Posterior reversible encephalopathy syndrome with transient cortical blindness

Case contributed by Dr Mohamed Saber

Presentation

Acute loss of vision.

Patient Data

Age: 25 years
Gender: Male

The CT study shows bilateral posterior parietal subcortical patchy hypodensities.

The MR study shows bilateral occipital, posterior parietal, and posterior centra semiovale cortical and subcortical patchy and multifocal signal alterations elicit high signal in T2 and flair with no evidence of restriction in the diffusion study.

Case Discussion

This patient is quadriplegic related to an old cord injury presented with acute loss of vision. ophthalmological examination was normal. The blood pressure was markedly elevated (200/120 mm Hg) at the time of presentation suspected to be related to urine retention with subsequent autonomic dysreflexia secondary to a known neurogenic bladder.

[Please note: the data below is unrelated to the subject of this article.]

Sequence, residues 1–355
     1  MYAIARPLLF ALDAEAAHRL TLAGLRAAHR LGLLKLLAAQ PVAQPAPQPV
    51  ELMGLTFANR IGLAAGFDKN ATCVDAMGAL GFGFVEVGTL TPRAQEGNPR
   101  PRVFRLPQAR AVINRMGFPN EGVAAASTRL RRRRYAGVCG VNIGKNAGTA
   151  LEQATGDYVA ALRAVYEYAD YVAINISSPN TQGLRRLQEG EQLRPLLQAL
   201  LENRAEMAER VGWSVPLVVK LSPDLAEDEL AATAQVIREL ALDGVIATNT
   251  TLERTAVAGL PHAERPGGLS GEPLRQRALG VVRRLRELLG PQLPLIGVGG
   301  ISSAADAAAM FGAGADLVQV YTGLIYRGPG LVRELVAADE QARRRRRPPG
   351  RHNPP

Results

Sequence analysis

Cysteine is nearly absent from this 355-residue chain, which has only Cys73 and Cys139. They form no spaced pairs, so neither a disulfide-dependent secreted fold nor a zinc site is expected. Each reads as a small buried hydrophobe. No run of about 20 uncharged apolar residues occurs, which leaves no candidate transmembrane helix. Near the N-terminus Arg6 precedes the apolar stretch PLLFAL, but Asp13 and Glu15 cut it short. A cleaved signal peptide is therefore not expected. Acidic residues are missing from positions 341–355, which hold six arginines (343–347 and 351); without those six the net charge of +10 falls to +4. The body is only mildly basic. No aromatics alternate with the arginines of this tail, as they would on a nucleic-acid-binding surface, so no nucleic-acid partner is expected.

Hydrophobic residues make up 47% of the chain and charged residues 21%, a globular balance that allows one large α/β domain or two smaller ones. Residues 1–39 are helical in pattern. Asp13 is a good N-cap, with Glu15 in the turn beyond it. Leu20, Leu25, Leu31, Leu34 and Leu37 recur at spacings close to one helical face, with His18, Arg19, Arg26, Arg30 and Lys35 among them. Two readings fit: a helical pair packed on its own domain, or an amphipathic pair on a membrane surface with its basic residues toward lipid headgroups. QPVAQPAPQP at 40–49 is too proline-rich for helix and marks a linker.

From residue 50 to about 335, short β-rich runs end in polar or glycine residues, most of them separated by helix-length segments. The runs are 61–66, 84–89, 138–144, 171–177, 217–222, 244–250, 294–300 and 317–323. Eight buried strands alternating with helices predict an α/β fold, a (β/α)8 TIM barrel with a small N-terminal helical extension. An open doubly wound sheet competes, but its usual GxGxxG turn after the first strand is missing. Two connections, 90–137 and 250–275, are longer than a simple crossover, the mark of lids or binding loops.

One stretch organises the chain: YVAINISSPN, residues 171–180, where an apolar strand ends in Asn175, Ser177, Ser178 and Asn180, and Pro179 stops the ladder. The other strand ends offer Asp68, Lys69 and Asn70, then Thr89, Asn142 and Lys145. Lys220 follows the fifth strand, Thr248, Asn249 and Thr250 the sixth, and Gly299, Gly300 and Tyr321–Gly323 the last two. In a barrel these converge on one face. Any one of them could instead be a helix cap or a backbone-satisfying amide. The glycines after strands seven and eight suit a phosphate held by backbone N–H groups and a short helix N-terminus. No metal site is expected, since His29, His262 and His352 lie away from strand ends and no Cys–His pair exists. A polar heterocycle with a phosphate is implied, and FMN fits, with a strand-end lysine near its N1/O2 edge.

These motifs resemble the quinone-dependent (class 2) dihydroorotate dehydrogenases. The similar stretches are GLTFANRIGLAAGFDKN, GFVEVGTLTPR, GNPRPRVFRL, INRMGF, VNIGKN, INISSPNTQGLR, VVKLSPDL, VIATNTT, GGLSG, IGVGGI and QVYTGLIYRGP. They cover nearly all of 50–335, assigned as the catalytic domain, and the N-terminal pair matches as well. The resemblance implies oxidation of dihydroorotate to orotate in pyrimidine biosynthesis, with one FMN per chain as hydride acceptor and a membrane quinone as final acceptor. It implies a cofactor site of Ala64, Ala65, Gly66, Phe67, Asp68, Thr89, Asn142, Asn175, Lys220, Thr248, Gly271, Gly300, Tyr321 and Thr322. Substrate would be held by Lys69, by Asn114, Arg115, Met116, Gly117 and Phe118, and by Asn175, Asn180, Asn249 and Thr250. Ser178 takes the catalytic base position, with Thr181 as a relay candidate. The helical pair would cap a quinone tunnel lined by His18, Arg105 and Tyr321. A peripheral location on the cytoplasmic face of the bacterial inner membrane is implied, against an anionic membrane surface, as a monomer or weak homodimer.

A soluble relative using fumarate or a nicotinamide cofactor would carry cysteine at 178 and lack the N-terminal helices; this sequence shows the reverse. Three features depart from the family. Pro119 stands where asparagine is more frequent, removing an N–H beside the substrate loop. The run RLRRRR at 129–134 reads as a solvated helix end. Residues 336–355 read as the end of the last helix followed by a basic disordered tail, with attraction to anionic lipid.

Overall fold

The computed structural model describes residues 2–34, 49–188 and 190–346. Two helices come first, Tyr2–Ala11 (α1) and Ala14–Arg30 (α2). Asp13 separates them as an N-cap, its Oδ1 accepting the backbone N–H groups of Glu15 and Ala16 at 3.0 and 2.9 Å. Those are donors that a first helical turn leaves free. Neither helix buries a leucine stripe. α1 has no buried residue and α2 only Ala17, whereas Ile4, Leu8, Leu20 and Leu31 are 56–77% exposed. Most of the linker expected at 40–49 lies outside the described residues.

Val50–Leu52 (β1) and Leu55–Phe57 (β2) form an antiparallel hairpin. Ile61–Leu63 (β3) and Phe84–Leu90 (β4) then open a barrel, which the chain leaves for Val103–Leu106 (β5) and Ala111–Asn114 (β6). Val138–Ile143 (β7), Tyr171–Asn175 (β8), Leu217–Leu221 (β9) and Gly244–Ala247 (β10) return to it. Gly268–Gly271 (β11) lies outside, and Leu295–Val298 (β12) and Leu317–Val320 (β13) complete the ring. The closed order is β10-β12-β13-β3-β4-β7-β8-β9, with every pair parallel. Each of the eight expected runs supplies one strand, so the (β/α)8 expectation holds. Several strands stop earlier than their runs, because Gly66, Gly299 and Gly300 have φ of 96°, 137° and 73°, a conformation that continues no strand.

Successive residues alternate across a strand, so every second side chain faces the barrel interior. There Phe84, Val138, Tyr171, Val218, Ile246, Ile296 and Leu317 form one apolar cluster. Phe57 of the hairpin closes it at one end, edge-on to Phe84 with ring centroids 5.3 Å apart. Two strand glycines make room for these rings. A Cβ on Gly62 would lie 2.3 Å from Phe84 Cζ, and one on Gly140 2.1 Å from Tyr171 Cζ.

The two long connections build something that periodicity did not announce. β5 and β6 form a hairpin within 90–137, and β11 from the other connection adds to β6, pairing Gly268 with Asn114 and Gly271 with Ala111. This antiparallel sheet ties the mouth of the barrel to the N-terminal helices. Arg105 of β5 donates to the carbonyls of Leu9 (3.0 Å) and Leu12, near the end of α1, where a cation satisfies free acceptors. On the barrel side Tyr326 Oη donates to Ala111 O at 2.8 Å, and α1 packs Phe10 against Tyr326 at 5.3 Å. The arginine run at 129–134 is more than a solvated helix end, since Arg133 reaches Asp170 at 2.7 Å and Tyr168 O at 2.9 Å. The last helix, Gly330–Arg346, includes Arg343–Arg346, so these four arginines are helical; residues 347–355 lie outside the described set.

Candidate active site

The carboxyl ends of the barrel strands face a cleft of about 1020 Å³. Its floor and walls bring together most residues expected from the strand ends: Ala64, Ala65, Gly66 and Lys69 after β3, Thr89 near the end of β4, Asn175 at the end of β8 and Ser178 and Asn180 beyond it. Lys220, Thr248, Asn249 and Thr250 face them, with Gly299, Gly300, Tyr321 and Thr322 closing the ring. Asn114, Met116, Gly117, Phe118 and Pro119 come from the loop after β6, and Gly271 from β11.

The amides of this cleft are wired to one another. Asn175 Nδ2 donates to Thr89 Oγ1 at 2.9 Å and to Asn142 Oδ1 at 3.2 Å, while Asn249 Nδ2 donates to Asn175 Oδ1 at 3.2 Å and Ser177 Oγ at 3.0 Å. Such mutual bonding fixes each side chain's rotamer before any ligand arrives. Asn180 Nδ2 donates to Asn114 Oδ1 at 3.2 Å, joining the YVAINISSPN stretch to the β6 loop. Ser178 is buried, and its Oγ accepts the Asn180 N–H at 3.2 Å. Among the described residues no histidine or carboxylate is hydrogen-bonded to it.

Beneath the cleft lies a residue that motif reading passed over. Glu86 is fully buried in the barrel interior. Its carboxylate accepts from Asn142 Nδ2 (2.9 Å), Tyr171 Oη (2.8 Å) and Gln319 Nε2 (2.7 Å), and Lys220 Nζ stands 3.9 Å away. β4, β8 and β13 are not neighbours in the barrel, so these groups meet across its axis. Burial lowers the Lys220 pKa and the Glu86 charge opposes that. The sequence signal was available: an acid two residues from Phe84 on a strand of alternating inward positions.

CT and MR studies of the brain revealed signs of posterior reversible encephalopathy syndrome that is suggested to be related to acute blindness.

Cortical blindness is a condition in which the eyes are structurally normal and the pupillary reflexes are maintained, however, there is loss of vision secondary to lesions affecting the occipital cortex bilaterally 1.

This patient gradually regained his vision within 24 hours consistent with transient cortical blindness.

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